Comic book honours Chatham Coloured All-Stars team

"I had no idea about any of this history," said Chantler, who was commissioned by a University of Windsor professor to do the graphics. 

The book is ten pages long

The comic book was released at the end of April. (Scott Chantler)

In 1934 the Chatham Coloured All-Stars baseball team won the provincial baseball association title — more than a decade before Jackie Robinson broke the colour barrier in the Major Leagues. It was only their second year in the league.

Scott Chantler, a local graphic novelist, was inspired by the history of the team. 

"I had no idea about any of this history," said Chantler, who was commissioned by a University of Windsor professor to do the graphics. 

Chantler first did a one-page four-panel comic highlighting the team in 2016 — and then the team decided to expand the project.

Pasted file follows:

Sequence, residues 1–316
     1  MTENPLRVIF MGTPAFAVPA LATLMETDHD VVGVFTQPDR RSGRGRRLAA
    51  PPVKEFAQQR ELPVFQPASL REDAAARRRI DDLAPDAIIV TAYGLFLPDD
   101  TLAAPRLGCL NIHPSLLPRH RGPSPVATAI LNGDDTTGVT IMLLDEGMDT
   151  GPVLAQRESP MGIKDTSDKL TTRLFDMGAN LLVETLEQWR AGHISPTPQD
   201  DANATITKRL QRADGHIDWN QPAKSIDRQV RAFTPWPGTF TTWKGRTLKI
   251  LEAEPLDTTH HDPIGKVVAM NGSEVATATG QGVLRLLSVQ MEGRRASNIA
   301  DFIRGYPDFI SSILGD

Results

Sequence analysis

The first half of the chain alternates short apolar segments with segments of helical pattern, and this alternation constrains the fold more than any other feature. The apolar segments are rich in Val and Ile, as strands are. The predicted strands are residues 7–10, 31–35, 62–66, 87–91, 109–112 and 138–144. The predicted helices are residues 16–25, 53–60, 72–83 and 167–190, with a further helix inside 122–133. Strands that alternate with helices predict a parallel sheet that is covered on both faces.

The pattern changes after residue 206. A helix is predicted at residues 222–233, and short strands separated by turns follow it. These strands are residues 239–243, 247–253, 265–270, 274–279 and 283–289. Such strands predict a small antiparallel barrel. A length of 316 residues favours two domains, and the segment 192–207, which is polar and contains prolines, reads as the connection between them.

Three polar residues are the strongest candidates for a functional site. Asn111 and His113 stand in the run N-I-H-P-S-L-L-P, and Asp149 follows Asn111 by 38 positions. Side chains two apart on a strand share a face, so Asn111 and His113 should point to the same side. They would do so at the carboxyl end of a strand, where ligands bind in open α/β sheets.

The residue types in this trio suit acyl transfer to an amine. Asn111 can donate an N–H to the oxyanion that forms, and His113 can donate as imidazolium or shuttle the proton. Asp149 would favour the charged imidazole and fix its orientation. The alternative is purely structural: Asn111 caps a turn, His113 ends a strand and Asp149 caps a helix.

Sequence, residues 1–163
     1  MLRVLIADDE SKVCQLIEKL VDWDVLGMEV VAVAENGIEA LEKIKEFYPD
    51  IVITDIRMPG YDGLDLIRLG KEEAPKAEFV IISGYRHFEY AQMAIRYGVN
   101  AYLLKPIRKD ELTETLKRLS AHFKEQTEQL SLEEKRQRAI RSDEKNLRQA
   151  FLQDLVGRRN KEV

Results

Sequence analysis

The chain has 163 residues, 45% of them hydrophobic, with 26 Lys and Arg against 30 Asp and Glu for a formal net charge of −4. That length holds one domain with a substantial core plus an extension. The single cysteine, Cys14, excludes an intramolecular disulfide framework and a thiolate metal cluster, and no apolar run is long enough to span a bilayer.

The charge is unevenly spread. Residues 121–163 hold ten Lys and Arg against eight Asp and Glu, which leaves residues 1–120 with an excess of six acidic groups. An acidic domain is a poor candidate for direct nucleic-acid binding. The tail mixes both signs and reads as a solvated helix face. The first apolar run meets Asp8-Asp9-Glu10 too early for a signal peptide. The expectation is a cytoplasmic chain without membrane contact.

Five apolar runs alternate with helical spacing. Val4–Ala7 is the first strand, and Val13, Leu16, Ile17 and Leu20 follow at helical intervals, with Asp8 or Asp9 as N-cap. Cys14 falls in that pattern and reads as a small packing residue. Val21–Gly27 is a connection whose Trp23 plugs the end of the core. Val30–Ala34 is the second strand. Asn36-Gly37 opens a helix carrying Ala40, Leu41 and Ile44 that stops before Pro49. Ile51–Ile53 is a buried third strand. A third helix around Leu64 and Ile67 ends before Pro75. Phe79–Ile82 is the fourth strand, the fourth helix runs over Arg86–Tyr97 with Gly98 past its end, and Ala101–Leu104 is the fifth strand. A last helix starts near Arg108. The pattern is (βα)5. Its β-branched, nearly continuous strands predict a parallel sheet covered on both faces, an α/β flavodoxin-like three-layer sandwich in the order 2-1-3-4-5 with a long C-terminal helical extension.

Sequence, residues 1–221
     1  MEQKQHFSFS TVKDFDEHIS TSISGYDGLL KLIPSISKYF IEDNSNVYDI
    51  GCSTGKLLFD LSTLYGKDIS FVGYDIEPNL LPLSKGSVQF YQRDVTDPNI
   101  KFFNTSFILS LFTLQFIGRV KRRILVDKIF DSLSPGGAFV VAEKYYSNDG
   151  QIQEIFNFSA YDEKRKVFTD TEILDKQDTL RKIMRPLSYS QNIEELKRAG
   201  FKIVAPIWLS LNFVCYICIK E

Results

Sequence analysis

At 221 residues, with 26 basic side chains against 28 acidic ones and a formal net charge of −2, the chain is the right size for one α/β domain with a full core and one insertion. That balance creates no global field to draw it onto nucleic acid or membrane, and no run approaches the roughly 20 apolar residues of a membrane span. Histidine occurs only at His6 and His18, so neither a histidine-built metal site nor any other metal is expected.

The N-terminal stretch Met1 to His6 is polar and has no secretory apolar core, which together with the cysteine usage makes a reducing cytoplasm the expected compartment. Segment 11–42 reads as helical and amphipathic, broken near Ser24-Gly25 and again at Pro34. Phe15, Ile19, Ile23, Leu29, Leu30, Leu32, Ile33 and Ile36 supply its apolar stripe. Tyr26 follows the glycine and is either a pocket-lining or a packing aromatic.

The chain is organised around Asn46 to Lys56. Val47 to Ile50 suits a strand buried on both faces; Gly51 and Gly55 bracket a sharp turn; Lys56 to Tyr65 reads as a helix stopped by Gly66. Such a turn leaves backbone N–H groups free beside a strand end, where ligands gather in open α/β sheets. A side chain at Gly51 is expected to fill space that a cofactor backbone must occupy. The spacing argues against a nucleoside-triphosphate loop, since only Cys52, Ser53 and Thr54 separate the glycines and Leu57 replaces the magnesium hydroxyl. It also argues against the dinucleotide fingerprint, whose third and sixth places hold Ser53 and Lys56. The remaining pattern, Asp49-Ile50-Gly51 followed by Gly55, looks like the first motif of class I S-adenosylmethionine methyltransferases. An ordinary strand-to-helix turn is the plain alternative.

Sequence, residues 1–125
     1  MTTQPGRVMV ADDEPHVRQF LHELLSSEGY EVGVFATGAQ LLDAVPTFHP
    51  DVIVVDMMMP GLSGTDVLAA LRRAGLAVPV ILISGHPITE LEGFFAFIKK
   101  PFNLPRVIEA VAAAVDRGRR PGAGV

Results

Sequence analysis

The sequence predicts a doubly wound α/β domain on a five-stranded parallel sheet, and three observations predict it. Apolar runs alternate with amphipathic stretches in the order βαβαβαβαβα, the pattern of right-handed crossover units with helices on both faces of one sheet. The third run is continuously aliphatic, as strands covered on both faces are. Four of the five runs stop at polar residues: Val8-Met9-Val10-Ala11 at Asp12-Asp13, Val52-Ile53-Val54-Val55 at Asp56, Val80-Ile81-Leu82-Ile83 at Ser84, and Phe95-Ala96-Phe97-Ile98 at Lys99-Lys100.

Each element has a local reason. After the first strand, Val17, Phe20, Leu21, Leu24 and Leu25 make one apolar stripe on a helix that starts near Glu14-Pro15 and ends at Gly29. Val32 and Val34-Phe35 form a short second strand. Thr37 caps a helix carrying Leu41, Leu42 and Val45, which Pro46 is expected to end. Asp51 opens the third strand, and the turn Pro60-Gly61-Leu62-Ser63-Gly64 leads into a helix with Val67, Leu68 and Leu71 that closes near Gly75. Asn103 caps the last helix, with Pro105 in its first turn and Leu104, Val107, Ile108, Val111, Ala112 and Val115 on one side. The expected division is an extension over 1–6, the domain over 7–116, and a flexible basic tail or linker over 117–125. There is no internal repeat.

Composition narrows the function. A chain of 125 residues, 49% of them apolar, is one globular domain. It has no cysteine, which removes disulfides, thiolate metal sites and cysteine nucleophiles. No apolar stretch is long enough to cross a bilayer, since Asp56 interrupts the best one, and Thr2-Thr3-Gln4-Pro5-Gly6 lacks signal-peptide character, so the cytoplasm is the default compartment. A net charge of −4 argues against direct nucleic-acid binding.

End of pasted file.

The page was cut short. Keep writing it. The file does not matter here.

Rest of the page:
"I found it fascinating. It's been a terrific project to be a part of," said Chantler.

The book is still only ten pages, focusing on the time leading up to the final championship game. 

"There are a few pages on the racial discrimination the team would have faced," said Chantler. "It's a great sports story but it's also a social, historic victory."

A group shot of the team, the Chatham Coloured All Stars. Taken from the Harding family scrapbook. (Supplied photo)

Backlash against the team ranged from questionable umpire decisions during games and being turned away from hotels in the towns where the team traveled to play.

Chantler is used to researching — a lot of his work focuses on history.

"When you're visualizing history, it's down to the last detail," said Chantler, listing things like doorknobs and curtains that have to match the period of time he's drawing. "I put a lot of effort into that, into my work."

The hope is to get the mini-comic distributed to schools in Chatham-Kent. Chantler made a few adjustments to make sure it was suitable for a school-age audience.

"Mostly I tried to tell the story as I would to any audience," said Chantler. 

Copies are available for sale for $5 through an online store and at the Chatham-Kent Black Historical Society. Proceeds from the sale go to the CK Black Historical Society. 

With files from Windsor Morning


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